The Cementerio Colón, named after Christopher Colombus (Cristóbal Colón in Spanish) dates from 1876, when Spain still ruled, and is the resting place of many of the great and good of Cuban society from then through much of the 20th century. Much like Père Lachaise in Paris and Recoletos in Buenos Aires, this 57 hectares (140 acres) is an amazing open-air museum of some 500 beautiful paragons of sculpture and architecture, with highlights including a spectacular monument to heroic firemen who gave their lives fighting a massive 1890 conflagration; another commemorating sailors who perished in the 1898 explosion that sank the Maine warship and served as a pretext for the Cuban-American War which culminated in the island’s independence; and the tomb of Amalia (above), a bittersweet focus of visits by women who are expecting or hope to be.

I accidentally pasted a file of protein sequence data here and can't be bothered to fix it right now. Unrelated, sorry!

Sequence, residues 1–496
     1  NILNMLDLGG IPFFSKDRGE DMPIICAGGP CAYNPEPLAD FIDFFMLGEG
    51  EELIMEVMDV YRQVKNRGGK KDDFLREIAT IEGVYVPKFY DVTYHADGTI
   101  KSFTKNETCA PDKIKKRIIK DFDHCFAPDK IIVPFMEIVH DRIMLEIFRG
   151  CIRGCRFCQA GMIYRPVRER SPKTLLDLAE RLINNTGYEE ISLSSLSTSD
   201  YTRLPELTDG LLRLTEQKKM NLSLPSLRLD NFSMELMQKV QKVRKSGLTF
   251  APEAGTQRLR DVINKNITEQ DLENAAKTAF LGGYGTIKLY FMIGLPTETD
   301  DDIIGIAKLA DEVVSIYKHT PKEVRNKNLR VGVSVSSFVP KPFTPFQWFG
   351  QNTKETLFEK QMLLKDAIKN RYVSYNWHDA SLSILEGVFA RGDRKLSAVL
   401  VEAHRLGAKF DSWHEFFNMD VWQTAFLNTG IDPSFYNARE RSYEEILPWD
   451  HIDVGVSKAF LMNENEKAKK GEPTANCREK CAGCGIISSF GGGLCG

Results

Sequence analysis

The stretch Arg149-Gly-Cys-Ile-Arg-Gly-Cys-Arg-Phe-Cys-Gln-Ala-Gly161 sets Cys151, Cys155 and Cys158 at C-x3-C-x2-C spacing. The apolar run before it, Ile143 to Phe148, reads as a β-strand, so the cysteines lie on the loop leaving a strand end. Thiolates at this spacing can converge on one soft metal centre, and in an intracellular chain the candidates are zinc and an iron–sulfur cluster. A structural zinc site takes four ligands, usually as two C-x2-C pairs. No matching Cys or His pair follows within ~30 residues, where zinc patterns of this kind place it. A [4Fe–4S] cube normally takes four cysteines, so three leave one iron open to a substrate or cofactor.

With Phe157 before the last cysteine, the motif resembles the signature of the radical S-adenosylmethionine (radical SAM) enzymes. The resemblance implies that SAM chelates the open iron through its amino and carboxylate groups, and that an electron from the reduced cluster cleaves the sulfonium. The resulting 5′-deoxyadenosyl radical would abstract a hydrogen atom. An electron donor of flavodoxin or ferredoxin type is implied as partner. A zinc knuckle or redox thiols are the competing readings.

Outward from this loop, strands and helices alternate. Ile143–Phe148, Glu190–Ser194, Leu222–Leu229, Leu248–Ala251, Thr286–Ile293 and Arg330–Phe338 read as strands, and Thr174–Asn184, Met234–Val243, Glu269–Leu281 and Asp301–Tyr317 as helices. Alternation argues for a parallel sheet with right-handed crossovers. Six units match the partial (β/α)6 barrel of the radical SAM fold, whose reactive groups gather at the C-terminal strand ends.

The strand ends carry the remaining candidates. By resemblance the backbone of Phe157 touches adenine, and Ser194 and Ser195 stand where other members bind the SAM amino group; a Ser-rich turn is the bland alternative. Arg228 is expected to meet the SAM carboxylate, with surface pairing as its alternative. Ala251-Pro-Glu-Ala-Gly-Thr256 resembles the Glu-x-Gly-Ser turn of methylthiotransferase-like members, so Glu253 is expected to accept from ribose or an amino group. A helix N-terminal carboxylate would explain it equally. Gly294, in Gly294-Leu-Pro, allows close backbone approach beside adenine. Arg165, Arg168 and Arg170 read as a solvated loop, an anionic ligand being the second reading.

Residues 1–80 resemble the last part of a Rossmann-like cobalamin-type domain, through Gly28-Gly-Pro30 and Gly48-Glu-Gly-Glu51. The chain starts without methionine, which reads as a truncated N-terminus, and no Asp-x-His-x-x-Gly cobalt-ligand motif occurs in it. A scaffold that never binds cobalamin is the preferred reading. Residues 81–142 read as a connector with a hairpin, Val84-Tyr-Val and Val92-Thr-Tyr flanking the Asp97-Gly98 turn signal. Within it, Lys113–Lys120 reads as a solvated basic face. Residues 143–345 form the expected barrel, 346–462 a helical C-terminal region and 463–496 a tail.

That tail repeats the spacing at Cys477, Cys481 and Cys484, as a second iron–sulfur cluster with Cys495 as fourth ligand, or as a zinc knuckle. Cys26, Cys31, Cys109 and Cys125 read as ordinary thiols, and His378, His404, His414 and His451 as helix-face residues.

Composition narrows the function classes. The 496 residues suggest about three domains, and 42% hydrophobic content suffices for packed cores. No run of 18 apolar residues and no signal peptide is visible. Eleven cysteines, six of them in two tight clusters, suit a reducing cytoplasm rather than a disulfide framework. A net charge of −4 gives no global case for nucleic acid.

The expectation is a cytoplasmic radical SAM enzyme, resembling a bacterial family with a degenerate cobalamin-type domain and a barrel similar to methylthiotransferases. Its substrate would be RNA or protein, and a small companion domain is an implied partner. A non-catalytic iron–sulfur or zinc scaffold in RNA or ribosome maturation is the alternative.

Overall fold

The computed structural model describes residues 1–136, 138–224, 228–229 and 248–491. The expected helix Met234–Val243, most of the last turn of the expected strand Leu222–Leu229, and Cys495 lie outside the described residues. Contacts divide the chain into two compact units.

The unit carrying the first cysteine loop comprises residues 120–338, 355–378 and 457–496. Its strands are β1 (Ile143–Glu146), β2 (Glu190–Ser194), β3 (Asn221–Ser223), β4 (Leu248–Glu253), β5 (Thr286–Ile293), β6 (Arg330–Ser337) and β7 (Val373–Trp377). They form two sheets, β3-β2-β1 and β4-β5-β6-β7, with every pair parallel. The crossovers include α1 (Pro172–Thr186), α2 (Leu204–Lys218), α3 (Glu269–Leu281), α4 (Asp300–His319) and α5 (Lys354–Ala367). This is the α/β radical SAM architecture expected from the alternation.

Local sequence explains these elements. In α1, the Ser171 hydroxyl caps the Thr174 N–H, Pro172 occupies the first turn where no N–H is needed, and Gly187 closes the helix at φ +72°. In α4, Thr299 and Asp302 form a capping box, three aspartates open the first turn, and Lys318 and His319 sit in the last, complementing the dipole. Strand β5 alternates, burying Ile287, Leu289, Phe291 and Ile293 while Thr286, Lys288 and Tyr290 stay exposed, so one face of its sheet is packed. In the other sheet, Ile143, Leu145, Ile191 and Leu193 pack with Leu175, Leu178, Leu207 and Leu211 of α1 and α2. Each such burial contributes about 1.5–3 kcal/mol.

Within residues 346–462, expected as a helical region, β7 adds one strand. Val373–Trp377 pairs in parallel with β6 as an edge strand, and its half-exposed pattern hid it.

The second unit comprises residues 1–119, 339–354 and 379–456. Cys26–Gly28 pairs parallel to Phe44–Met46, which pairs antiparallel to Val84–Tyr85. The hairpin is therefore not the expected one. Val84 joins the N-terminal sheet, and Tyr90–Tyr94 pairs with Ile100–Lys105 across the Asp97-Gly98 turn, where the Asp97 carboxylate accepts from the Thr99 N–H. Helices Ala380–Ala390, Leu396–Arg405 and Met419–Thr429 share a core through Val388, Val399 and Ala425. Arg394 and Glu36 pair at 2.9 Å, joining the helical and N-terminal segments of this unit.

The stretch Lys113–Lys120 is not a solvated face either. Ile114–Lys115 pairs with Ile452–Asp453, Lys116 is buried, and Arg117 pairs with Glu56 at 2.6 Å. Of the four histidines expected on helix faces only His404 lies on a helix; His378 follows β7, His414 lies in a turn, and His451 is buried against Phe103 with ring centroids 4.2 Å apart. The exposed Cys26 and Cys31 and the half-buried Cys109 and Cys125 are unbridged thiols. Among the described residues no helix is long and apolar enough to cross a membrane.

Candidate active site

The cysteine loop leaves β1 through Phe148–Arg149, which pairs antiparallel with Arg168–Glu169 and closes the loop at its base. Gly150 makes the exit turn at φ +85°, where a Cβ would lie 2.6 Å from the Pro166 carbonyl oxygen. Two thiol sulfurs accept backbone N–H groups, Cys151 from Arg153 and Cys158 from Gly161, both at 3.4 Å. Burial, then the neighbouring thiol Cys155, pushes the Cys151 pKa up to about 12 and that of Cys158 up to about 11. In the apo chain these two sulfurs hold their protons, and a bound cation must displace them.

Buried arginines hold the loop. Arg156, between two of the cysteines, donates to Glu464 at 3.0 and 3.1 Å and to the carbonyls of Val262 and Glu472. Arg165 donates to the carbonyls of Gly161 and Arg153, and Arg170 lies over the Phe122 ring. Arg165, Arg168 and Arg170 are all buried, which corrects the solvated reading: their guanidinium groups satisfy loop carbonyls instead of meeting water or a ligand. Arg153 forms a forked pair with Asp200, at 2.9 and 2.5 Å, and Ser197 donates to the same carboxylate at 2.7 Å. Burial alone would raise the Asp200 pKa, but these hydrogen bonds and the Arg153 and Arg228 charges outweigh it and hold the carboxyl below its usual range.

Coppelia Ice Cream
Heading up the street called La Rampa from the Malecón, Havana’s waterfront promenade, you’ll arrive at the iconic Yara Cinema and the Habana Libre hotel (an intersection that’s also a well known open-air hangout for the Havana gay community). Across from them, what looks like a leafy park (the green bit in the photo at top) is actually the home of one of the Americas’ most famous ice cream parlours, Coppelia. The main building, a swooping mid-century Deco affair, is for a change the only place in Cuba open to Cubans and closed to foreigners instead of the other way around. But we gringos can sample several flavours of its famous frosty treats at a smaller stand a few steps away. If you’ve seen or heard of the 1994 gay-themed film classic Fresa y Chocolate (Strawberry and Chocolate), this is a central location.